The Storming Bohemian Punks the Muse #2: In a World Gone Tilt-a-Whirl


Society is falling apart, the daily news seems to say. Living in interesting times, it is all too easy to fear that our work is meaningless. In the ’60s, another interesting time, thousands went AWOL, finding no meaning in mainstream endeavors. We became dope dealers or revolutionaries, astrologers or tarot readers, cult followers or rock-and-rollers, communards or vagabonds­­—anything to escape the “straight” world. We turned on, and dropped out.

For those of us who lived and thrived back in the day, echoes of 1967, and the long, strange trip that followed, are reviving almost forgotten hopes and fears, provoking flashbacks of a tumultuous time.

Sheltered spaces are lost, and triggers are everywhere. They threaten to drive us all mad. The cocktail of change, revolutionary camaraderie, hope, and deep engagement is intoxicating, but the shadows are haunted by demons. They can bite.

In times like these, must our art carry an overt political message or risk irrelevance? What is essential? How do we keep our creative balance in the midst a whirlwind where the center does not hold?

We must ourselves be the still eye of the storm. But how?

Writing in Berlin during the last days of the Weimar Republic, Christopher Isherwood famously began, “I am a camera.”

In the tumultuous ‘70s, Starhawk found her stance as a feminist witch.

During the same period, religious contemplatives like Thomas Merton and Thich Nhat Han adopted an activist stance, yet rooted themselves in the still heart of meditation.

Other religious folk, like the Berrigan brothers, Philip and Daniel, were unabashedly political in spite of their Roman collars.

In stormy times past, Dante opted for allegory, Cervantes constructed the modern novel out of low comedy and spiritual genius, Jonathan Swift brought satire to a pitch of perfection, Charlotte Bronte invented gothic romance, Mary Shelley invented gothic science fiction, and Aleister Crowley designed a new religion while styling himself as 666 incarnate, the Beast of Revelation.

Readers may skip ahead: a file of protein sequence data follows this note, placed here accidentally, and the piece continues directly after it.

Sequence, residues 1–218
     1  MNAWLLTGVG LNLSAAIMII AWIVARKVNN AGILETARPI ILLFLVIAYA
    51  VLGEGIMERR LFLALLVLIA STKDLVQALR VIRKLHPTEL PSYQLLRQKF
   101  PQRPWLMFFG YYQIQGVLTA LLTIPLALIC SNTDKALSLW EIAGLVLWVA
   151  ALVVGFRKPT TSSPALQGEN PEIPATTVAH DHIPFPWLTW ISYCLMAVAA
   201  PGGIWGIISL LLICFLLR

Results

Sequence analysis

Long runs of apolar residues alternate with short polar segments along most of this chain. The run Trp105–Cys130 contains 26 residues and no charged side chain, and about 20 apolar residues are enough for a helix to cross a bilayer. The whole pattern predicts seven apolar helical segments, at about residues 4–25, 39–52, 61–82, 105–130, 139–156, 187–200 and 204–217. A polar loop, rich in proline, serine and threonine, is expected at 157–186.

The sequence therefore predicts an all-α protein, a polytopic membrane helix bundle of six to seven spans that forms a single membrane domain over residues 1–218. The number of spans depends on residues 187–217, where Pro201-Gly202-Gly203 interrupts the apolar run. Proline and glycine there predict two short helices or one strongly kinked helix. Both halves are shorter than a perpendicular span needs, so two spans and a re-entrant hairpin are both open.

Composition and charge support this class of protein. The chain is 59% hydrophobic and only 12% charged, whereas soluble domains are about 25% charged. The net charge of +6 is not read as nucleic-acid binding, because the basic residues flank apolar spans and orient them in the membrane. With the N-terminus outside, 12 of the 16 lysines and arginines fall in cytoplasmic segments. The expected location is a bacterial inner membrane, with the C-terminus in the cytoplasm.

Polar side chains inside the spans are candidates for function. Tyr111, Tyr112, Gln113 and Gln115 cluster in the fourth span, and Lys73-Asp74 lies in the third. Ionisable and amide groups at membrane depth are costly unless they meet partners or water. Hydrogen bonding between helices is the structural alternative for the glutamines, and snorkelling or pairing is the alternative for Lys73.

My point is this: some of us struggle with the seeming imperative to directly address the political and social issues of the day. We may feel pressured (from within or without), even if we are not policy wonks or academics, to take positions and write complex analyses of sociological phenomena.

If you are the sort of artist or intellectual who directly engages with policy in this way, by all means: go for it! We need your insights.


But if, like me, you prefer to inhabit an artistic world consisting mostly of metaphor, archetype, dream images, and mysticism, don’t let the times turn you from your deeper instincts. There are some (there are many) who will suggest the artist of the subconscious is foolishly withdrawing from important matters, abandoning a responsibility to directly engage.

The Storming Bohemian says don’t be afraid of the muse that bemuses you. Insights and progress may come from the most unexpected sources. When the seas are stormy, and many are calling for all hands on deck, some may choose to embark on an inner voyage. If you share that inclination, don’t be afraid that in doing so you are ignoring the plight of those who cry out for justice—there are many legitimate ways to respond. We need not fear the deep.


Rumpus original logo and artwork by James Lorenzato, aka Argyle C. Klopnick (ACK!).


“The Storming Bohemian Punks The Muse” was originally developed as a column under the editorship of Evan Karp at Litseen. An earlier incarnation of this work can be found there, along with many other interesting things.

Charles Kruger is a Bay area arts practitioner known as "The Storming Bohemian." He tries to do as much as he can. More from this author →